The racially motivated use of a peremptory strike violates the Equal Protection Clause of the United States Constitution. See Batson, 476 U.S. at 89; see also U.S. Const. amend. XIV, § 1. The exclusion of even one potential juror on the basis of race invalidates the entire jury selection process and requires a new trial. Davis v. Fisk Elec. Co., 268 S.W.3d 508, 521 (Tex. 2008); Haynes v. Union Pac. R.R. Co., 395 S.W.3d 192, 197 (Tex. App.-Houston [1st Dist.] 2012, pet. denied).

         Named after the seminal Supreme Court decision, an objection that a peremptory strike was based on race is called a Batson challenge. The resolution of a Batson challenge involves a three-step process. Batson, 476 U.S. at 97; Davis, 268 S.W.3d at 514 n.4.

         In the first step, the party challenging the peremptory strike must establish a prima facie case of racial discrimination. Snyder v. Louisiana, 552 U.S. 472, 476 (2008); Davis, 268 S.W.3d at 514 n.4; Haynes, 395 S.W.3d at 196. To establish a prima facie case, the challenging party may rely on all relevant facts, including any statistical disparity between the percentage of black and nonblack panelists who were struck by the other party. Miller-El v. Dretke, 545 U.S. 231, 239-41 (2005); Haynes, 395 S.W.3d at 196.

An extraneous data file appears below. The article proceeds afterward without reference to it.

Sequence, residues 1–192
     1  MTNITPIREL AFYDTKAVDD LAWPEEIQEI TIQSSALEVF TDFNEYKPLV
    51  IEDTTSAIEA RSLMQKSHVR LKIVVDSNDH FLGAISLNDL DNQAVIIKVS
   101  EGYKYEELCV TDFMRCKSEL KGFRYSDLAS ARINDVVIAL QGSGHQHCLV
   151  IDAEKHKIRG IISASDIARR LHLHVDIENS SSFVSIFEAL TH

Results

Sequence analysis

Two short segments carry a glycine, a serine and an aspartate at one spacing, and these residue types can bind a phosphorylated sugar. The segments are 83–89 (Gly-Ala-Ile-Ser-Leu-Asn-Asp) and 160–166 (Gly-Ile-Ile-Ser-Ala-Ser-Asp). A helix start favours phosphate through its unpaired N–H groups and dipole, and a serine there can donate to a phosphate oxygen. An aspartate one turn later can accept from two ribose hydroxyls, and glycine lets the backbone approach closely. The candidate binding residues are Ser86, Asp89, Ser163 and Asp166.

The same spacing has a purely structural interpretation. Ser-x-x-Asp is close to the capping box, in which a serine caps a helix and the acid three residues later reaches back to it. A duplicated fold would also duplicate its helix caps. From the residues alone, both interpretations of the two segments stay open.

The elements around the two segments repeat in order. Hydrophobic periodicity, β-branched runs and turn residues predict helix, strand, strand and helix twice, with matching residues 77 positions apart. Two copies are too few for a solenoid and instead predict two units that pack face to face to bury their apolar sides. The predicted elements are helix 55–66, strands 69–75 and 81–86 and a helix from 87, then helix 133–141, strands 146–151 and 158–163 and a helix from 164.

In the second step, if the challenging party meets her burden, the burden shifts to the striking party to offer a race-neutral explanation for the strikes. Snyder, 552 U.S. at 476-77; Haynes, 395 S.W.3d at 196. At the second step, the race-neutral explanation is a burden of production only. See Peetz v. State, 180 S.W.3d 755, 758-59 (Tex. App.-Houston [14th Dist.] 2005, no pet.). To satisfy his burden at the second step, the striking party must offer "clear and reasonably specific" reasons for his strikes. Haynes, 395 S.W.3d at 196. The reasons cannot be vague. Moeller v. Blanc, 276 S.W.3d 656, 662 (Tex. App.-Dallas 2008, pet. denied). A vague reason is essentially no reason at all. Id. However, the reasons need not be "persuasive or even plausible" so long as they are clear, reasonably specific, and "based on something other than the juror's race." Goode v. Shoukfeh, 943 S.W.2d 441, 445 (Tex. 1997).

         In determining whether the striking party has offered a race-neutral explanation, the trial court does not consider any disparate treatment of panelists or other evidence tending to show that the explanation is pretextual; these matters are considered as part of the third step of a Batson challenge. See Snyder, 552 U.S. at 478, 485 (comparing struck juror with other jurors to determine whether strike was pretextual in third step of Batson inquiry); Jones v. State, 431 S.W.3d 149, 155 (Tex. App.-Houston [14th Dist.] 2013, pet. ref'd) (considering disparate treatment of panelists as part of third step); McKenna v. W & W Servs., Inc., 301 S.W.3d 336, 341 (Tex. App.-Tyler 2009, pet. denied) (noting that "only upon reaching the third step" does the "persuasiveness ...